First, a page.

Arkansas road project letting halts due to miswording

Nov. 10, 2017

$232 million worth of contracts will go unbid over the matter of two words

The Arkansas Department of Transportation (ArDOT) has put a halt on contract letting for its 30 Crossing project due to a complication in the verbiage describing the purpose and aim of the project, one that AKDOT says will preclude federal funding of projects in the region.

According to the Arkansas Democrat-Gazette, Tab Townsell, the executive director of Metroplan, the long-range transportation planning agency for the region, recently informed board members that until the board replaces the words “operational improvements” with the more appropriate and accurate “capacity improvements” in the region's transportation improvement plan, federal regulations will not permit AKDOT to fund highway projects in the region.

The board voted this past June to describe the scope of the work involved in the project to remake the I-30 corridor through downtown Little Rock and North Little Rock as “capacity improvements” in its long-range transportation planning document, titled Imagine Central Arkansas, which describes the region’s transportation priorities over the next two decades.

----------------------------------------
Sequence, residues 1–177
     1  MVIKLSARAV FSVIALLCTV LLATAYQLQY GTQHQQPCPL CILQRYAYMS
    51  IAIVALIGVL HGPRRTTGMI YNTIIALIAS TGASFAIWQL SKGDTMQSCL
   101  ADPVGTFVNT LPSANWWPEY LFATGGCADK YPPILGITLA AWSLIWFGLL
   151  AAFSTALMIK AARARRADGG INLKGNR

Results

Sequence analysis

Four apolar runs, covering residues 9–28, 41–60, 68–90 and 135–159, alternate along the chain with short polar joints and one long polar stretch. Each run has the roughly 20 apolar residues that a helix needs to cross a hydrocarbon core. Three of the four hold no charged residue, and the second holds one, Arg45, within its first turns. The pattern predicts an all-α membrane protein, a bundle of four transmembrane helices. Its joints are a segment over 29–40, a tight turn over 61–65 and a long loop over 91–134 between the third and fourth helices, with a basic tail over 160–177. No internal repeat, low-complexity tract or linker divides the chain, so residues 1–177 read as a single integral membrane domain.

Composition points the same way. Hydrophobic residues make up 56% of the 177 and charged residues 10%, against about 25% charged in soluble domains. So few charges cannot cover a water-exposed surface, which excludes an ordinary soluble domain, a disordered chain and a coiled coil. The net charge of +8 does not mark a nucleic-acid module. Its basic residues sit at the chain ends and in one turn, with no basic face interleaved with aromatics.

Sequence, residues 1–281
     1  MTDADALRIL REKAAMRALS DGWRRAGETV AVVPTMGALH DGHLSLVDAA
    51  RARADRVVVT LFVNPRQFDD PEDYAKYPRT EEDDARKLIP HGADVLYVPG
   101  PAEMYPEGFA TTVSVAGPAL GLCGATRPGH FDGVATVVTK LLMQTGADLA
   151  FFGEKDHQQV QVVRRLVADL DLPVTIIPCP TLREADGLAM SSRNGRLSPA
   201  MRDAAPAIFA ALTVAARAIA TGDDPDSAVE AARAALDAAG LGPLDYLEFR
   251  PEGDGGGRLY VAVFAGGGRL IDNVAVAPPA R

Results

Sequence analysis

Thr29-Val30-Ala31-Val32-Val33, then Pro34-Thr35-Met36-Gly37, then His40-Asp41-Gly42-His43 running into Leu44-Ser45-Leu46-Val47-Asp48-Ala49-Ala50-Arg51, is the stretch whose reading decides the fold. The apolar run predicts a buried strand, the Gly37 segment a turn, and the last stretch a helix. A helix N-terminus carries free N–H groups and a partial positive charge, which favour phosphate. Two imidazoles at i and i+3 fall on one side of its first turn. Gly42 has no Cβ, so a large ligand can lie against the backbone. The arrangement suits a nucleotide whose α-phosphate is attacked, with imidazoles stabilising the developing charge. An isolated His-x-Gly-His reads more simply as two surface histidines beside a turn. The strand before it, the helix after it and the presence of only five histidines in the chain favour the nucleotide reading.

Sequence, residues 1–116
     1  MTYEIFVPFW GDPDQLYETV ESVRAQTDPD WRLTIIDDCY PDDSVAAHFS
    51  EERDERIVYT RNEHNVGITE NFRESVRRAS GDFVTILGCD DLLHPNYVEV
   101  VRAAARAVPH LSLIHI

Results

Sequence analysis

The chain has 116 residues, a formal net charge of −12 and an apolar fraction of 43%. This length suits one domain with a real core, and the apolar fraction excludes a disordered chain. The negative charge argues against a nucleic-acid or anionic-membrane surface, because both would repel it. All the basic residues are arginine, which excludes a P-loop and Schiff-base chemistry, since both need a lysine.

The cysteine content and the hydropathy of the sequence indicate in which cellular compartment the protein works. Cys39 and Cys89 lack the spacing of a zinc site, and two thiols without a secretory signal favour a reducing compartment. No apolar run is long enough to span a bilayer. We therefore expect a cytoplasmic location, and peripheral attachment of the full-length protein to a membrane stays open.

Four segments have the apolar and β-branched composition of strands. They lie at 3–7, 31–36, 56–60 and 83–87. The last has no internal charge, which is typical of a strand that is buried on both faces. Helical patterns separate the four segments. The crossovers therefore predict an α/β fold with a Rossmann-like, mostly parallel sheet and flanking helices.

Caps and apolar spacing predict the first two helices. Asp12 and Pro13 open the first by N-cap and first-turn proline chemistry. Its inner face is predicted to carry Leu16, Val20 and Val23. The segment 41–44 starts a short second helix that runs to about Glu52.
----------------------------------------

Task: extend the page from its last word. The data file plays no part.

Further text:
Under federal regulations, language in the Imagine Central Arkansas planning document must be identical to the region’s transportation improvement plan in order for federal money to be spent.

Thus far the move has caused four projects in the region to be pulled ArDOT lists of projects going to bid, including the installation of a traffic signal on U.S. 64 at Sunny Gap Road in Faulkner County, at an estimated cost of $200,000. The other projects that won't be up for bid-letting include rehabilitating the Old River Bridge in Saline County at an estimated cost of $1.6 million and the Little Rock Zoo Trails project, which is estimated to cost $480,000.

All told, eleven major state projects worth nearly $232 million are at risk of delay through the federal fiscal year ending Sept. 30, 2018, unless the inconsistencies are eliminated.

The I-30 project, the state’s largest infrastructure project, will redesign and rebuild the congested 6.7-mile route between I-530 in Little Rock and I-40 in North Little Rock, as well as replace the I-30 bridge over the Arkansas River.

The projects could be awarded contracts in January at the earliest, if the board of directors for Metroplan corrects the inconsistencies at its Nov. 29 meeting.